The Gilder Lehrman Center for the Study of Slavery, Resistance, and Abolition at Yale University has announced the four finalists for the 20th annual Frederick Douglass Book Prize. The prize recognizes the best book on slavery, resistance, and/or abolition published in the preceding year. It comes with a $25,000 award. The winner of the prize will be announced this fall and be presented in a ceremony in New York City on February 28, 2019.
The finalists are:
* The Price for Their Pound of Flesh: The Value of the Enslaved, from Womb to Grave, in the Building of a Nation by Daina Ramey Berry (Beacon Press). Daina Ramey Berry is an associate professor of history and African and African diaspora studies, and the Oliver H. Radkey Regents Fellow in History, at the University of Texas at Austin. Dr. Berry holds a bachelor’s degree in history, a master’s degree in African American studies and a Ph.D. in American studies, all from the University of California, Los Angeles.
* Never Caught: The Washingtons’ Relentless Pursuit of Their Runaway Slave, Ona Judge by Erica Armstrong Dunbar (Simon & Schuster). Erica Armstrong Dunbar is the Charles and Mary Beard Professor of History at Rutgers University in New Jersey. Professor Dunbar is a graduate of the University of Pennsylvania. She holds a master’s degree and a Ph.D. from Columbia University.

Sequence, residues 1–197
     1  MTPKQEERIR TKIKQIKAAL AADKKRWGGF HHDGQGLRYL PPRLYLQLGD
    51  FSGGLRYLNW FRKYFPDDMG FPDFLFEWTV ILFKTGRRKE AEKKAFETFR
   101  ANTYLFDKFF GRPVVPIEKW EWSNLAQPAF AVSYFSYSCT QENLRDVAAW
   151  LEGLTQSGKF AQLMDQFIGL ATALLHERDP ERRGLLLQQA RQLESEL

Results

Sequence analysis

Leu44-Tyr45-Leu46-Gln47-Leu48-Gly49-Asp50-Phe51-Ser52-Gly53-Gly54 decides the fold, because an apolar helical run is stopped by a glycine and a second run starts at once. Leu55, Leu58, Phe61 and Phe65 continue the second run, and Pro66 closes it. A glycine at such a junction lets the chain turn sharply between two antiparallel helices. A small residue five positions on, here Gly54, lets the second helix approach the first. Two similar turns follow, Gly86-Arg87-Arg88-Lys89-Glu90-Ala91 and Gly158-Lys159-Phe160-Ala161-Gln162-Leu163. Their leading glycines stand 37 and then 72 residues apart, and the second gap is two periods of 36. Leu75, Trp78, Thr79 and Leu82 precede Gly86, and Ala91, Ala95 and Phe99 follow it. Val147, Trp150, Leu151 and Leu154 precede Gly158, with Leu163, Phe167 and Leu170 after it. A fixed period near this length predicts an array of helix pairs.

* Recaptured Africans: Surviving Slave Ships, Detention, and Dislocation in the Final Years of the Slave Trade by Sharla M. Fett (University of North Carolina Press). Professor Fett is a professor of history and American studies at Occidental College in Los Angeles. She is a graduate of Carleton College in Northfeild, Minnesota. Professor Fett earned a master’s degree at Stanford University and a Ph.D. at Rutgers University
* The Dawn of Detroit: A Chronicle of Slavery and Freedom in the City of the Straits by Tiya Miles (The New Press). Tiya Miles is a professor at the University of Michigan in the departments of American culture, Afro-American and African studies, history, women’s studies, and in the Native American Studies Program. Dr. Miles is a magna cum laude graduate of Harvard University, where she majored in Afro-American studies. She earned a master’s degree in women’s studies from Emory University in Atlanta and a Ph.D. in American studies at the University of Minnesota.